We have been traveling regularly to and investing on and off in Mexico for over thirty years. We have seen the Peso strengthen and bust a couple of times; government-owned banks privatized and then bust; an ongoing roller-coaster ride in the Bolsa. Through it all, we have been big believers in the long-term prospects for the country, its economy, and financial markets. However, it is clear that a thoughtful process regarding entry and exit points is required.
High Valuations, Low on the List
In our country-ranking methodology we have seen the Mexican stock market move around our attractiveness list quite a bit. For several quarters, however, it has been lurking at the bottom of the pack as extremely high valuations (relative to its own history as well as to the other thirty countries in our model) have kept the market in an unattractive zone, which currently means the absolute bottom of our list. Consider some of the positives and negatives related to Mexico in the following tables.
For some of the reasons shown above, on a tactical basis, we have been without Mexico in our global and international portfolios and actually short in our long/short portfolio. There are some interesting headlines, however, that we are tracking closely. Energy reform has been talked about for decades, but is only recently, with the election of the new president Enrique Peña Nieto, actually becoming realtiy. Since 1917 with the creation of the current Mexican constitution, the government has controlled oil and its derivatives, basic petrochemical industries and the generation of electricity. In 1938, Presidente Lazaro Cardenas nationalized the entire Mexican oil sector. This has meant that, in practice, all profits that are generated from the state-run petroleum agency (“PEMEX”) have flowed to the federal budget. Investments in new technologies, required capital expenditure, and deep water exploration have been woefully insufficient.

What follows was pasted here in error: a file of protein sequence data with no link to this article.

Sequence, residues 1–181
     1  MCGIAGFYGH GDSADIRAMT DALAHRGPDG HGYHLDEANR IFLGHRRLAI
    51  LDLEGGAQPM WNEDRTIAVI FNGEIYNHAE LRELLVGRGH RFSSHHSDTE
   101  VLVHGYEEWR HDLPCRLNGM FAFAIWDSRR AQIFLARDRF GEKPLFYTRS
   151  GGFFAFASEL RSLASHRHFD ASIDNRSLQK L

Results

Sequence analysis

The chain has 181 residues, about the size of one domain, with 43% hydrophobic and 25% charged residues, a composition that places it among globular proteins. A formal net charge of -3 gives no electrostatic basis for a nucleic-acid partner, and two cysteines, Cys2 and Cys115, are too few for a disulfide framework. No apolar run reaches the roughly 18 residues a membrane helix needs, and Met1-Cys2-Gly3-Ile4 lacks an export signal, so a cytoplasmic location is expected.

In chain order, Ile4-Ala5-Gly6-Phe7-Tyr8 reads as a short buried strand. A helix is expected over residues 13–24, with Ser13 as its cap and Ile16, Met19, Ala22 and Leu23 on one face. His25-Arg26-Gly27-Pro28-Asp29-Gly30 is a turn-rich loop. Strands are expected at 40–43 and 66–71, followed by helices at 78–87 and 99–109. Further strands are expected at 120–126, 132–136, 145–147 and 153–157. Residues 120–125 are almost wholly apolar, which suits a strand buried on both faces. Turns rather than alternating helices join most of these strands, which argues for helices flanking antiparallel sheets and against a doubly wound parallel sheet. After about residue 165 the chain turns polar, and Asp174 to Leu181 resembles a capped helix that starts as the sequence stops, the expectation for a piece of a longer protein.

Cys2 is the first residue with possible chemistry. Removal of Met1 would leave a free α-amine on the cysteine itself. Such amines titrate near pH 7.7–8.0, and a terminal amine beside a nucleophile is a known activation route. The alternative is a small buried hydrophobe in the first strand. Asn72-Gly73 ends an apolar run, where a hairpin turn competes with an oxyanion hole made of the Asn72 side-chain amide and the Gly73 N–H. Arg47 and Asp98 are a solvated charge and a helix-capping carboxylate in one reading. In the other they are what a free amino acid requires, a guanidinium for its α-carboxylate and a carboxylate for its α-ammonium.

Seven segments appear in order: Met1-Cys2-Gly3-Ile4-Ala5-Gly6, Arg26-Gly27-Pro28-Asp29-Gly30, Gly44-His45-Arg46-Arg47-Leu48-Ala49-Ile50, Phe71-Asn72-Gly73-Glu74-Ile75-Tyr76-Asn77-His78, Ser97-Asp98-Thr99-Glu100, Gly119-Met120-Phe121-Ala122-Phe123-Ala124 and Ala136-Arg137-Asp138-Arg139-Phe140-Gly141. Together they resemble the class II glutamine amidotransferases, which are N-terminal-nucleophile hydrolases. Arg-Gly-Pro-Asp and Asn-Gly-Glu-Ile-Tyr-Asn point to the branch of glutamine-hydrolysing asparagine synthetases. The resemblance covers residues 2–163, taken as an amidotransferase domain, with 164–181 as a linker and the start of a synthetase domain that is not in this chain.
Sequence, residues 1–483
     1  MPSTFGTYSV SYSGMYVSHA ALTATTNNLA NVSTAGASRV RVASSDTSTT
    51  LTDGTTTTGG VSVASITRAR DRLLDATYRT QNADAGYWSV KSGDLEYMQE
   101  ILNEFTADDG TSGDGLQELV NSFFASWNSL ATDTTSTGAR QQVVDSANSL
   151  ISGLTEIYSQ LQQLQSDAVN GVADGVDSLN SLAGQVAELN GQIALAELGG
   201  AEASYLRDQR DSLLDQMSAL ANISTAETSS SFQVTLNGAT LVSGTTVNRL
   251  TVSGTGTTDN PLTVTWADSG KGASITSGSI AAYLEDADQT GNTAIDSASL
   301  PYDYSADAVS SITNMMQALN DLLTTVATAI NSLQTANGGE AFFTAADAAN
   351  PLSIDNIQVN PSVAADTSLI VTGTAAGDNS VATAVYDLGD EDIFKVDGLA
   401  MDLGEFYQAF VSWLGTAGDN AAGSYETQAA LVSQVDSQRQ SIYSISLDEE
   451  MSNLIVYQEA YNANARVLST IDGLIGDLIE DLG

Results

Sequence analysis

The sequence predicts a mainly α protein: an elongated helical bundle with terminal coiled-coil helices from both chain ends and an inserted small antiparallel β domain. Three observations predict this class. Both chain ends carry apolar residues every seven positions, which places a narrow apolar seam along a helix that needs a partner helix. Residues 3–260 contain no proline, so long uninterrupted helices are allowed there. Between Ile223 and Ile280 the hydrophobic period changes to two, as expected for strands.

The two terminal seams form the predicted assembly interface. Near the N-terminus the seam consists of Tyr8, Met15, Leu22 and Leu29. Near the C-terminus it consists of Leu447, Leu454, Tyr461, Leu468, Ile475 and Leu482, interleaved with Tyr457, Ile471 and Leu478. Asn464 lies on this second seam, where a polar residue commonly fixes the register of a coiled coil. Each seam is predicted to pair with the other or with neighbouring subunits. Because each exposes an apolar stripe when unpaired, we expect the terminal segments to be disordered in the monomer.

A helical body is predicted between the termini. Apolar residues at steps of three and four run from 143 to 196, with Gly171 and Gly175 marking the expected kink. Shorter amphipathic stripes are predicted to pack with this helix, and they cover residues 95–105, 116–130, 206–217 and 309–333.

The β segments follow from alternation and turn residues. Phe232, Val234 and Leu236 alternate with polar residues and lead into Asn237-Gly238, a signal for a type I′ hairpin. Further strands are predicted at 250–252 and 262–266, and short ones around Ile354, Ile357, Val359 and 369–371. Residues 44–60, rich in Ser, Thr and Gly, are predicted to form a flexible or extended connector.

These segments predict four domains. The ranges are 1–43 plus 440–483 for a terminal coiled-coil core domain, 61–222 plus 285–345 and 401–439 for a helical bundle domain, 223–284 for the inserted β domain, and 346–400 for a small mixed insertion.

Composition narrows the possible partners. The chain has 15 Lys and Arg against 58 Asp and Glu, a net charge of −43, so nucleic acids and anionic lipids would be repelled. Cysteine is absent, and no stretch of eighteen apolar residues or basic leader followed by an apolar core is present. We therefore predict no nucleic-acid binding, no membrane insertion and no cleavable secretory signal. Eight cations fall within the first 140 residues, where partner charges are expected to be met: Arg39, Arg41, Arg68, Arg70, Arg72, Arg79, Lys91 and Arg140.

Recent Regulation & Reform
In December, historic constitutional amendments were passed, laying out the terms under which private companies will be able to bid on energy projects. In April, the government laid out new proposals implementing regulations to its congress that will dictate how it plans to open up its oil and gas resources for international private investment. There are more key dates in the timeline towards eventual implementation. The biggest is a special session of Congress planned for mid-June, at which time Congress will debate and vote on the regulations that have been put forth. A simple majority of 51% is required for passage. Regulations will lay out the specifics on bidding rounds, contracts, tax structures, etc. There will be additional detail on the different type of profit-sharing arrangements companies can use, including licenses and production-sharing agreements.
Mexico is showing itself to be very aware of how to compete internationally. A 25% minimum national content threshold will be enforced staring in 2025. Both of those variables are considerably friendlier than the Brazilian market, which was privatized in 2008. An overhaul to the fiscal regime has also been unveiled which is quite progressive and should make investment in Mexico’s energy projects more appealing. The royalty will be as low as 10%, which will compete aggressively with other international markets.
The Bigger Picture
Check back occasionally as we update the progress on this topic. The momentum and outlook is strong. What will it mean for the country, its markets, and investors? There are no real direct ways to play this theme via Mexican companies in a pure sense. There will be positive knock-on effects that will be analyzed and assessed for petrochemical, cement, infrastructure, and financial companies. The bigger picture has to be seen as quite positive. It is hard to forecast precisely, but we are seeing research estimating 2.5 million new jobs by 2025. GDP could increase by 1% to 1.5% as a result of the reform. This kind of activity could translate into higher demand for goods and services. Emigration to the US could subside. In the US, the multiplier effect in the energy sector shows one new job created in the oil and gas industry supports four more indirect jobs; hopefully that kind of multiplier effect will be seen in Mexico. Government revenues certainly would increase, lower energy prices would reduce the need for electricity subsidies, and public financial pressures would ease. US companies that currently operate in the Eagle Ford should find it easy to extend their expertise across the border where the same formation flows into Mexico. The geographic regions of Tamaulipas, Nuevo Leon, Coahuila, Dallas, Houston, San Antonio and the actual border towns could see huge direct investment. If these various benefits begin to show themselves as realities, the Peso could strengthen as well. Mexico will be a strong candidate for rating agency upgrades.
Sources: Bloomberg, BBVA, Morgan Stanley, UBS, Credit Suisse
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